ETYM Old Eng. and French forme, from Latin forma; cf. Skr. dhariman. Related to Firm.
In Greek and medieval European philosophy, that which makes a thing what it is. For Plato, a Form was an immaterial, independent object, which could not be perceived by the senses and was known only by reason; thus, a horse was a thing participating in the Form of horseness. For Aristotle, forms existed only in combination with matter: a horse was a lump of matter having the form of a horse—that is, the essential properties (see essence) and powers of a horse. However, Aristotle, like the medieval philosophers after him, does not make it clear whether there is a different form for each individual, or only for each type or species.
In Platonic philosophy Form is generally capitalized and is synonymous with his use of idea.
In logic, the form of a proposition is the kind or species to which it belongs, such as the universal (“All x are y”) or the negative (“No x are y”). Logical form is contrasted with the content, or what the proposition individually is about.1. A perceptual structure or shape; SYN. shape, pattern.
2. A particular mode in which something is manifested.
3. The visual appearance of something or someone; SYN. shape, cast.
4. A mold for setting concrete.
5. An ability to perform well.
6. An arrangement of the elements in a composition or discourse.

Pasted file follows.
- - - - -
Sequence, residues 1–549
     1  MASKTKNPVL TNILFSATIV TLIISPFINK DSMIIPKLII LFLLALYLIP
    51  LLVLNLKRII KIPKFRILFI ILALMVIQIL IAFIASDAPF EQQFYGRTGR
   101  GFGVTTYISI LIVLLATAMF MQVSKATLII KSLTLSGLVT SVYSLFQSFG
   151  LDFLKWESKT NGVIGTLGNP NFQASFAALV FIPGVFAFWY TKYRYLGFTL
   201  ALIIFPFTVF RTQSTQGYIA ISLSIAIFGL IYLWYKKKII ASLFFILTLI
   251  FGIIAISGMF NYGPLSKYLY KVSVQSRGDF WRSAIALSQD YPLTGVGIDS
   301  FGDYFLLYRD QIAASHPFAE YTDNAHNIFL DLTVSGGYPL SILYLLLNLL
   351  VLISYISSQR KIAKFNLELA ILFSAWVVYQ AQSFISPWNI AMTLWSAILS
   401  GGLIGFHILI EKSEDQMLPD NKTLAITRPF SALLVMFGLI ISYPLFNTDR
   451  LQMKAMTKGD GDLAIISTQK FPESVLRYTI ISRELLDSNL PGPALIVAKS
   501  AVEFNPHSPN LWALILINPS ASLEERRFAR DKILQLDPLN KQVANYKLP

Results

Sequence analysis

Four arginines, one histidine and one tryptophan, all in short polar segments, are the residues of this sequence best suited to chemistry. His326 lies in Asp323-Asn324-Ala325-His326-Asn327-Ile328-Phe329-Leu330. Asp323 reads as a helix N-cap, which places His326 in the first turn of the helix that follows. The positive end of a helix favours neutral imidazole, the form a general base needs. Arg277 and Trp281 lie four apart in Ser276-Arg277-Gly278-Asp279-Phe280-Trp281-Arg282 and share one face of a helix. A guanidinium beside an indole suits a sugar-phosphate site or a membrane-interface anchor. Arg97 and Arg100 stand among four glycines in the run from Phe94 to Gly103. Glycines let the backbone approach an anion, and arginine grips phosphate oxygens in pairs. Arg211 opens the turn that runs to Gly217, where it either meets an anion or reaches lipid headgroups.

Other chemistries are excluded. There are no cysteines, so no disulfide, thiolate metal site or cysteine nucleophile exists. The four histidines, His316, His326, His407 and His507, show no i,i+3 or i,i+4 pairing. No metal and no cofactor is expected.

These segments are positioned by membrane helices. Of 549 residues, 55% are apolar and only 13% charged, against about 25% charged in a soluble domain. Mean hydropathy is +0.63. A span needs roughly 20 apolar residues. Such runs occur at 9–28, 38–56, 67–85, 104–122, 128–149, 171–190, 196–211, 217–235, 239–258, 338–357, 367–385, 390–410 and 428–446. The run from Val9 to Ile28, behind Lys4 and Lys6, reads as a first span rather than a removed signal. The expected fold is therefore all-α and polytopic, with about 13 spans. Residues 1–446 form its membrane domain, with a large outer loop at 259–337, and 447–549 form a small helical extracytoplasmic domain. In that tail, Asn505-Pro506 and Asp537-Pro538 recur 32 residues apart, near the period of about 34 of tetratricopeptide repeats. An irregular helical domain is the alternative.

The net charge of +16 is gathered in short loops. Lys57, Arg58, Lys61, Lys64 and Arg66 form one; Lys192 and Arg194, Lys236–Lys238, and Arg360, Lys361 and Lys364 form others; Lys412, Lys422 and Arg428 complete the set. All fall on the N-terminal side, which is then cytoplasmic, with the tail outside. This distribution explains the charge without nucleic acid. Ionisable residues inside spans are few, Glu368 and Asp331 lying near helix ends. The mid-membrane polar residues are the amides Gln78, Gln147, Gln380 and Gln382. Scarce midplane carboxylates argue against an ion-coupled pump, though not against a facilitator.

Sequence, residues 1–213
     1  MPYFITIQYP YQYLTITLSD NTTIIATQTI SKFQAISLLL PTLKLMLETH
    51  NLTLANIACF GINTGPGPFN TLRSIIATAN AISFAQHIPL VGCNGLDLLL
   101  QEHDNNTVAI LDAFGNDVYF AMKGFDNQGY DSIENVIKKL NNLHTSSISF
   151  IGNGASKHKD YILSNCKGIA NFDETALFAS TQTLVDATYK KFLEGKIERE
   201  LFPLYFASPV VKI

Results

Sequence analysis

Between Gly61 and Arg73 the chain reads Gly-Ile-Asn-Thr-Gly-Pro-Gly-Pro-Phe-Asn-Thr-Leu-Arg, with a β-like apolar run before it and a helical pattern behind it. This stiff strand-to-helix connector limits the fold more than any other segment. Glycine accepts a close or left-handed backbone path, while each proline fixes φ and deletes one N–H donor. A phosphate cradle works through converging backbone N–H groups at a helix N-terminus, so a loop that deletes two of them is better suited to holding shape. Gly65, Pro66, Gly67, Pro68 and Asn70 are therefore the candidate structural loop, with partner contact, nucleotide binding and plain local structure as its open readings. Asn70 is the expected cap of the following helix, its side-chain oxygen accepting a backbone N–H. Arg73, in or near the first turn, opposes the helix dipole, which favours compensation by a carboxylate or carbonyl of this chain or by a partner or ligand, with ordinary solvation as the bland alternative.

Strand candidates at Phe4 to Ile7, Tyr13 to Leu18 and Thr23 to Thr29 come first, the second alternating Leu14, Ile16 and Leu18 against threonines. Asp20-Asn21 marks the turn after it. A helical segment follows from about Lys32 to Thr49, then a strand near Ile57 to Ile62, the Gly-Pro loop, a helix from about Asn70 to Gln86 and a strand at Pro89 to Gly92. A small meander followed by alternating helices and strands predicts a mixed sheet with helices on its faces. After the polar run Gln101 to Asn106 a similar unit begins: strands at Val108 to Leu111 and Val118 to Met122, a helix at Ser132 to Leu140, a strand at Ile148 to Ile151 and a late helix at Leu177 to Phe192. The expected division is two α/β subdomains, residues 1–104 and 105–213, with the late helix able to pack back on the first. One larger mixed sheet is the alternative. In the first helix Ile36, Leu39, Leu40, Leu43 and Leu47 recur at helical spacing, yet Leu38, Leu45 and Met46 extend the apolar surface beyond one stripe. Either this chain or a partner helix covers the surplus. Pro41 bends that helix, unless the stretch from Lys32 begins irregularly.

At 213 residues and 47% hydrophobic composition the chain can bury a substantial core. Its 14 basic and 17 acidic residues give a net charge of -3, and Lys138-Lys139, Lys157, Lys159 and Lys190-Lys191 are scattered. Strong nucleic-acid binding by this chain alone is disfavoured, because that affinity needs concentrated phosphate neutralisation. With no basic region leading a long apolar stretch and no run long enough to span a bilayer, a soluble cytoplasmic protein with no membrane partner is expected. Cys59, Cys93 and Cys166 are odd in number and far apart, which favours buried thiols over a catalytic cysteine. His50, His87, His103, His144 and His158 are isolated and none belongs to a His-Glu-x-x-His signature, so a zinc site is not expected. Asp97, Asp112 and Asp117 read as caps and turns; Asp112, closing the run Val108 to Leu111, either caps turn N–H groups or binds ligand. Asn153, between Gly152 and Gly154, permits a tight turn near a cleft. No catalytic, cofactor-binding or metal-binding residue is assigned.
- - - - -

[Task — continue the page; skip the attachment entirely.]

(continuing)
7. A printed document with spaces in which to write.
8. The phonological or orthographic sound or appearance of a word; SYN. word form.
9. (Biology) A group of organisms within a species that differ in trivial ways from similar groups; SYN. variant, strain, var.
The large-scale structure and overall design of a composition, providing a coherent framework for the effective presentation of musical ideas. Short pieces do not require complicated forms because the thematic material is usually sufficiently coherent in itself. The simplest forms are binary form, which consists of two sections often separated by a double bar (marking-off a section), and simple ternary form, which consists of one section followed by a contrasting section, followed by the return of the first section. Most larger-scale forms are expansions and developments of these two basic types, carefully using a balance of thematic development and transformation, repetition, variation, and contrast. Examples include sonata form and rondo form. During the 19th century, when Romantic composers such as Wagner fought against standard Classical forms, the alternative structure of a literary text or idea often came to replace the traditional, more technical, compositional forms.
1. A structured document with spaces reserved for entering information and often containing special coding as well.
2. In some applications (especially databases), a structured window, box, or other self-contained presentation element with predefined areas for entering or changing information. A form is a visual filter for the underlying data it is presenting, generally offering the advantages of better data organization and greater ease of viewing.
3. In optical media, a data storage format used in compact disc technology.
4. In programming, a metalanguage (such as Backus-Naur form) used to describe the syntax of a language. See also Backus-Naur form.
1. To give shape to.
2. To compose or represent; SYN. constitute, make.
3. To develop into a distinctive entity; SYN. take form, take shape, spring.
4. To create, as of a social group or a company, for example; SYN. organize.